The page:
collecting vintage audio equipment

collecting vintage audio equipment
For collectors, hi-fi very often means lo-tech and two or more parts of equipment where one would do. Most of us might be perfectly content with 'integrated' amplifiers - not so audiophiles who go for separate power- and pre-amps, even transformers.


Collectors love the lyrically warm-sounding valve amps from the 1950s and '60s compared with the punch to the ear of high power transistor (aka 'solid state') amps sold to an undiscerning public during the 'Seventies and 'Eighties. The former valve amps suited crooners like Donald Pears or
Frank Sinatra while hard rock required hard-edged aural delivery, furnished by solid state circuitry. Of the valve amps available, Peter recommends the Rogers Cadet, Leak TL12 or TL10, Quad 22 and Quad 44.


Today's casual buyer goes for media meltdown when buying a hi-fi. It's all about options - vinyl (rarely), audio cassette (an early convenience tool, now much maligned for its poor sonic reproduction ability), CD and mini- disc. The audio buff, by contrast, sets out a very neat shopping list. What raises the collector's pulse - and price - is quirky design and landmark innovation.
There is a strategy of sorts for collecting vintage hi-fi systems. The first step is completing a line-up. For example, a late 1960s' Ocean Boy 820 radio might come with its original Grundig sales literature, showing numerous other radios in the range. Many audiophiles would collect the entire range and display the framed blurb alongside the equipment.



collecting vintage audio equipment
Compatability is a must. The perfect partner for a Quad 33 pre-amp is a Quad 303 power amp while 'Eighties connoisseurs would combine a NAD 3020 amp with Dual deck and a pair of Mission 700 speakers. Back issues of enthusiast magazines from your chosen period will show the way.
Three years after the audio or compact cassette was invented in 1963, the Americans produced the eight-track cartridge and player, mainly as an in- car audio gadget, though you can find home players. These dashboard players (and cartridges) are highly sought after by collectors of classic cars - especially American metal - and can often be picked up cheaply at car boot sales. 



 Collectors often refer to iconic separates which cover any solo hi-fi item, such as an amp, tuner, receiver or turntable. The difference is that each will have been a triumph of classic (or kitsch) design or one which moved hi-fi on by a technical quantum leap.




collecting vintage audio equipment

Before discovering quality hi-fi sound, many readers will have been seduced by the unique 'Seventies hi-fi look of the Bank & Olufsen 3500 series. This receiver came with 19 click switches and unergonomic sliding controls. The B & 0 reeks of the Scandinavian design ethos of its period. It feels solid as a rock - largely because the Danes used the old washing machine technique of weighting the cast.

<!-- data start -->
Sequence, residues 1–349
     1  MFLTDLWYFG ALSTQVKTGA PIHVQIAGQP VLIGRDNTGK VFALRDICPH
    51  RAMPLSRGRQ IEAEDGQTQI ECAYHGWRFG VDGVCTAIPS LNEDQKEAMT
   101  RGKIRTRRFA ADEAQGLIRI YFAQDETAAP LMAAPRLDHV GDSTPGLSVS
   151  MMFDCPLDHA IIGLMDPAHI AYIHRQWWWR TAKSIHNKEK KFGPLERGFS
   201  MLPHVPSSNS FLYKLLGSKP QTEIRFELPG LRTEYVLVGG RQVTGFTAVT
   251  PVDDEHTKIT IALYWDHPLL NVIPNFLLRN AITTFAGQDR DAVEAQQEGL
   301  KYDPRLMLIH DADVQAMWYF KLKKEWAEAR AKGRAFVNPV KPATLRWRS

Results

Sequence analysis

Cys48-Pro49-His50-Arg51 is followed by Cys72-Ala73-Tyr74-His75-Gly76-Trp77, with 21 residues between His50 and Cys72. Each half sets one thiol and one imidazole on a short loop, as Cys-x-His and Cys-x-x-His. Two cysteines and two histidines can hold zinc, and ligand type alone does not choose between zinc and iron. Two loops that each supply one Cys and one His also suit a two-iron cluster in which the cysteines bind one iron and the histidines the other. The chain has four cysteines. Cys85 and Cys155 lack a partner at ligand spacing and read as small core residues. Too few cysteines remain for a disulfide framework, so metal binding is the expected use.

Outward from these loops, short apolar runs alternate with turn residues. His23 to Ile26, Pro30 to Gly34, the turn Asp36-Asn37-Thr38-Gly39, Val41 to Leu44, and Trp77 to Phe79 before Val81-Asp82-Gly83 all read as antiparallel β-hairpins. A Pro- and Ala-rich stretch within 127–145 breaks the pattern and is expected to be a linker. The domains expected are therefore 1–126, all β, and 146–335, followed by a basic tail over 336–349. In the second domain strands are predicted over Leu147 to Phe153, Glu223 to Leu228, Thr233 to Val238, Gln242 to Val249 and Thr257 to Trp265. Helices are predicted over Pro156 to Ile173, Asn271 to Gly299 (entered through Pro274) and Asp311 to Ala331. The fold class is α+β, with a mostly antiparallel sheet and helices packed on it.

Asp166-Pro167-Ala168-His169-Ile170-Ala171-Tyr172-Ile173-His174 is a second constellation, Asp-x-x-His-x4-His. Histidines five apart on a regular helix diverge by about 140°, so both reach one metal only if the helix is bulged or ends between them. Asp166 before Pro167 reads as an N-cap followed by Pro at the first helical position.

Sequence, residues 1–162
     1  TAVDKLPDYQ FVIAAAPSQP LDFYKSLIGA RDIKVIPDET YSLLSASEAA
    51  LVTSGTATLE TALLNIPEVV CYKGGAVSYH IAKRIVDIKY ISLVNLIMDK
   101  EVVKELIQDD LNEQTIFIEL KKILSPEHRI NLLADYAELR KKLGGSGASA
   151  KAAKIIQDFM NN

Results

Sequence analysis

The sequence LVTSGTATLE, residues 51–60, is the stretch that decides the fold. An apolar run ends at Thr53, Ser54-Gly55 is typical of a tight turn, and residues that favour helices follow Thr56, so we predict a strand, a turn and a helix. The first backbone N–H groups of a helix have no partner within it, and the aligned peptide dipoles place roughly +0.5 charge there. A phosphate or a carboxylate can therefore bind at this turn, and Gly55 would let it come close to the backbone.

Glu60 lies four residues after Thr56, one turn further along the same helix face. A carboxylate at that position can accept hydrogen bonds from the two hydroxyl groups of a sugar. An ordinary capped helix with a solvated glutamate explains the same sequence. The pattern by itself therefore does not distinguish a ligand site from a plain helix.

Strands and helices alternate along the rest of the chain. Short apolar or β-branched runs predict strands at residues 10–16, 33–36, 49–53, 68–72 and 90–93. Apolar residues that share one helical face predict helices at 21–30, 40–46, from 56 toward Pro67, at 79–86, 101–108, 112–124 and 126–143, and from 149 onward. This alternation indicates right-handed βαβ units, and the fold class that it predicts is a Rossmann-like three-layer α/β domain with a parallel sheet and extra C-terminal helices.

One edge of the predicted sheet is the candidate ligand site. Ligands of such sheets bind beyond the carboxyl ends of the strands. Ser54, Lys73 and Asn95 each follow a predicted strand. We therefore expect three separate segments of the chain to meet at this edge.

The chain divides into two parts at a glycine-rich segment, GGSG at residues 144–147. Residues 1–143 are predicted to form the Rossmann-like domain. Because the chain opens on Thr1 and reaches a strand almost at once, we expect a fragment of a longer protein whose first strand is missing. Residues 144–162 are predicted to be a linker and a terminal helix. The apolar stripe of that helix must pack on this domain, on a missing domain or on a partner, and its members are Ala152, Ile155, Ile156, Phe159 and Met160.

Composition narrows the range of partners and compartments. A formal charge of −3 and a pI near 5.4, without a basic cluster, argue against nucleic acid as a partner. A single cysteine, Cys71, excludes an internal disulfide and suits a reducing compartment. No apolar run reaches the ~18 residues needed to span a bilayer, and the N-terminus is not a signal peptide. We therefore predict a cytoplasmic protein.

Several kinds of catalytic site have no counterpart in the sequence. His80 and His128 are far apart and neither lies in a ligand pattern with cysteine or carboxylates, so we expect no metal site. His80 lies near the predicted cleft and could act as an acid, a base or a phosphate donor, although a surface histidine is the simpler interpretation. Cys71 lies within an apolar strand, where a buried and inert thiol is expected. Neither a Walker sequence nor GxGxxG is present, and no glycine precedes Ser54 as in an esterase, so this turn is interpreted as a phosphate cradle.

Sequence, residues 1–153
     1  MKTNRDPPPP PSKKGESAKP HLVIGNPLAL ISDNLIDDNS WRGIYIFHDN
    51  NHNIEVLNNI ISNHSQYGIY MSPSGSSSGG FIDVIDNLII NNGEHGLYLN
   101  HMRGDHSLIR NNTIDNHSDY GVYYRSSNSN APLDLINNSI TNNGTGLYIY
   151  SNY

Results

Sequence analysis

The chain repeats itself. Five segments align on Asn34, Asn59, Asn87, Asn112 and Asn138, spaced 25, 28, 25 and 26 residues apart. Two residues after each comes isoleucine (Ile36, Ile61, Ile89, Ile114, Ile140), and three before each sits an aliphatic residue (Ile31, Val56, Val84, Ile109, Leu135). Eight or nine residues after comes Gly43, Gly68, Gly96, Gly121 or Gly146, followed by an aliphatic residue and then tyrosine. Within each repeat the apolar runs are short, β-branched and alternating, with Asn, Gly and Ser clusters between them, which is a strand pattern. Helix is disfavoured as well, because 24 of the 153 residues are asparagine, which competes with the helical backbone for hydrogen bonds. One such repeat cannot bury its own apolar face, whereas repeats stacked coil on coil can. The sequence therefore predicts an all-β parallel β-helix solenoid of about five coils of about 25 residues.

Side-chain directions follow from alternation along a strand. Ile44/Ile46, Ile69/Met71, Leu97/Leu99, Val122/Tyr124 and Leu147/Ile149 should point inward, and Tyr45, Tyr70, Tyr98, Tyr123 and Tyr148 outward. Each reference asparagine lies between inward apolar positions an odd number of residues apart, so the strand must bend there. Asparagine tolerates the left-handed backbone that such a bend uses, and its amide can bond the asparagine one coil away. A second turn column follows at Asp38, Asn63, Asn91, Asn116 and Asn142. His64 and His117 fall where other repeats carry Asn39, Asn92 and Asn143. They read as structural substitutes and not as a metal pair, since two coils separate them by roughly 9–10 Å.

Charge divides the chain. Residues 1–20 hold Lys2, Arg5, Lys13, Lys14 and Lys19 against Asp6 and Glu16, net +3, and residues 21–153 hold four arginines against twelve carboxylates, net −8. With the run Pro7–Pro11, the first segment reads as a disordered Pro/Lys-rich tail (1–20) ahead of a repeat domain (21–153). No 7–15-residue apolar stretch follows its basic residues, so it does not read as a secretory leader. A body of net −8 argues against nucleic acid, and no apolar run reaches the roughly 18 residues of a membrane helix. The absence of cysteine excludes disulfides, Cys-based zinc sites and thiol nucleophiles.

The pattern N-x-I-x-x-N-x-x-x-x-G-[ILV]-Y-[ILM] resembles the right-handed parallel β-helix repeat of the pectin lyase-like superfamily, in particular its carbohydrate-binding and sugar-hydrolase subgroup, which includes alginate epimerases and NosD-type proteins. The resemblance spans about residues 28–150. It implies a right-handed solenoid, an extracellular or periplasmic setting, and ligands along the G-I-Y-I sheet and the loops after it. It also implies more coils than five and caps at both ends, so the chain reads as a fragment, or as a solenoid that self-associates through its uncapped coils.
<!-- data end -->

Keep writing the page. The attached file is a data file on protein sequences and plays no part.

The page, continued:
High on the list of the audiophile's shopping list for icons, however, would be the Garrard 301 turntable, dating from 1953. The 301 was Garrard's first tilt at a deck that could handle all three disc speeds: 78,45 and 33.3 revolutions per minute. Quickly seen as a reference quality piece of kit when launched, the 301 (and to a lesser degree, the 401 model that followed), is regarded now as a triumph of classic design.



collecting vintage audio equipment








The earliest 302 came in battleship grey enamel and enjoyed a unique agricultural feature that collectors find exquisitely endearing. The motor bearing came with a built-in grease cup which had a simple screw mechanism to distribute the contents - manually - round the motor as required. In 1957, Garrard changed the colour (always a bad sign) to a pinkish shade of ivory and, later that year, the grease had been replaced by oil. Other cost-cutting engineering ploys soon followed which is why today's collectors want, above all, the grey and greasy earliest 301s.





In addition, the 301 motors were big. They had to be powerful in order to carry great heavy pick-ups, trailing mainly on chunky 78 rpm records. Yet the 301 was often mounted on nothing more than plywood. What created the unwanted noise and movement was the flimsiness of the contemporary plinth: "A solid, heavy plinth cures 99% of all unwanted motor noise" writes hi-fi expert, Haden Boardman. In other words, the Garrard 301 was even better than anyone realised back in the 'Fifties!



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